My Friend The Polish Girl is really about the manipulative nature of documentary and how filmmakers might not even notice that is what they’re doing. It’s also about the symbiosis documentarian and subject attain throughout the process of filming, and ultimately the space that is left empty in both documentarian and subject once the cameras are off. The film-within-a-film formula really works to tell the story and truly show the separation of documentarian and subject, since we never see Katie and Alicja on-screen together except for once in an awkward dancing scene.
Aneta Piotrowska is excellent as a damaged, lonely woman who’s just trying to be happy and make everyone else around her happy as well. We gain sympathy for her, even though she isn’t always the most sympathetic character. Although we don’t see Emma Friedman-Cohen that much on-screen, her performance as the person behind the curtain is essential to the success of the story. The chemistry between Alicja and Katie is great, making the viewer sometimes forget that they aren’t watching an actual documentary.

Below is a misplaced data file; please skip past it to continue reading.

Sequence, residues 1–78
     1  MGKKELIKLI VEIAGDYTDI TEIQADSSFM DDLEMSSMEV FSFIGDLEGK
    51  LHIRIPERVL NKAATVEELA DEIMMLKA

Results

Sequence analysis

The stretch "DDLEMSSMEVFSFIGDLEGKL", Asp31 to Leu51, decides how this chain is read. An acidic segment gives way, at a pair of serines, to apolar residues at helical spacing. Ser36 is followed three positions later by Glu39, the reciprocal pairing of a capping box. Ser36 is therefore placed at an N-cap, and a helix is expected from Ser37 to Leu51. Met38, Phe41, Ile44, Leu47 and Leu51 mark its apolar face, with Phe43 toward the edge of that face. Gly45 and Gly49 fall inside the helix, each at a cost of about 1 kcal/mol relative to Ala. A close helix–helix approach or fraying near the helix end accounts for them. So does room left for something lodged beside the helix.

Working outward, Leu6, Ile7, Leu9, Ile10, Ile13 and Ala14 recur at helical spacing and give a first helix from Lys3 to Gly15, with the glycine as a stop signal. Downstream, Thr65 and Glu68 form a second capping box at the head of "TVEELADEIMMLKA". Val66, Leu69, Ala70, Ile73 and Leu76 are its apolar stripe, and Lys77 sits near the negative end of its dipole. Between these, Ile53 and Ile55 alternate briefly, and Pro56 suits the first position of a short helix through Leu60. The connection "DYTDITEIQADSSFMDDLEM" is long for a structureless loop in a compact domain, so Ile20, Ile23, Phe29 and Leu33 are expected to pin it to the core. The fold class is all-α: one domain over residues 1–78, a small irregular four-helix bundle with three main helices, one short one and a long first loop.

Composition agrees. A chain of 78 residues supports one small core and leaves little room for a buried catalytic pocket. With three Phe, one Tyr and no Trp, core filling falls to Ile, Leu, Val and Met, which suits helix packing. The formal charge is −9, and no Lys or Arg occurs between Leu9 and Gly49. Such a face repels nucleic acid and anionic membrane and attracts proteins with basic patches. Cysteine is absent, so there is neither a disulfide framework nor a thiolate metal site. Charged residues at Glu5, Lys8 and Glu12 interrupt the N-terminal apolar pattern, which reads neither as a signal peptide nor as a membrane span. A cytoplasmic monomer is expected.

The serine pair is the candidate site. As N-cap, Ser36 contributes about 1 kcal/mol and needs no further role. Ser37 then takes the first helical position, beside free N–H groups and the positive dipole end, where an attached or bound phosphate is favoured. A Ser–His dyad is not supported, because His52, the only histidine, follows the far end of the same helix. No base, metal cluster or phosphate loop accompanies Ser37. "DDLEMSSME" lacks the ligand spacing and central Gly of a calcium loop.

“…shows the dark side of female friendships and documentary filmmaking in an interesting way…”
There are some artistic elements at play in the film, too. There’s often on-screen titles that sometimes make sense and sometimes don’t. There’s emojis as well, which I’m not entirely sure what the point of them being there. Perhaps it’s a commentary about Generation Z that I missed, but there’s not enough of them to be annoying. There’s some amazing animation dispersed throughout by Mathieu and Mattias Rok that illustrates the predatory nature of documentary and the unhealthy relationship that Katie and Alicja form.
Altogether, My Friend The Polish Girl shows the dark side of female friendships and documentary filmmaking in an interesting way. Writer/directors Ewa Banaszkiewicz and Mateusz Dymek came up with an extremely unique idea and did a pretty great job of pulling it off. I think that the film is a great piece of artistic commentary on filmmaking and maybe some documentarians could give it a look and maybe not be so exploitative of their subjects next go-round. Not that all documentarians exploit their subjects, but some really, really do.